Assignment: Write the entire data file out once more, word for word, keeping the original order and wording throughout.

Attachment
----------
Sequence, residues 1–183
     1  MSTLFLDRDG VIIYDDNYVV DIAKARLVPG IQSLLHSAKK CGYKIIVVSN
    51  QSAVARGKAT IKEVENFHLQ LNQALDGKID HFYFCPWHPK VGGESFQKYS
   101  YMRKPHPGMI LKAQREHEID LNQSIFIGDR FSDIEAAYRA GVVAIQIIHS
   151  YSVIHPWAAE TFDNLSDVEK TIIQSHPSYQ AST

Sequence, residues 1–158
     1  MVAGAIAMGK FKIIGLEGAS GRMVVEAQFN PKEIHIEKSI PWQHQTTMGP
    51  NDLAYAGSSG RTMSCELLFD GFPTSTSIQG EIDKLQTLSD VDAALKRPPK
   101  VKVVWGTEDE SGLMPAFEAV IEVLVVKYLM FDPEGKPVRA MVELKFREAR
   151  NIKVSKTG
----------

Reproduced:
Sequence, residues 1–183
     1  MSTLFLDRDG VIIYDDNYVV DIAKARLVPG IQSLLHSAKK CGYKIIVVSN
    51  QSAVARGKAT IKEVENFHLQ LNQALDGKID HFYFCPWHPK VGGESFQKYS
   101  YMRKPHPGMI LKAQREHEID LNQSIFIGDR FSDIEAAYRA GVVAIQIIHS
   151  YSVIHPWAAE TFDNLSDVEK TIIQSHPSYQ AST

Sequence, residues 1–158
     1  MVAGAIAMGK FKIIGLEGAS GRMVVEAQFN PKEIHIEKSI PWQHQTTMGP
    51  NDLAYAGSSG RTMSCELLFD GFPTSTSIQG EIDKLQTLSD VDAALKRPPK
   101  VKVVWGTEDE SGLMPAFEAV IEVLVVKYLM FDPEGKPVRA MVELKFREAR
   151  NIKVSKTG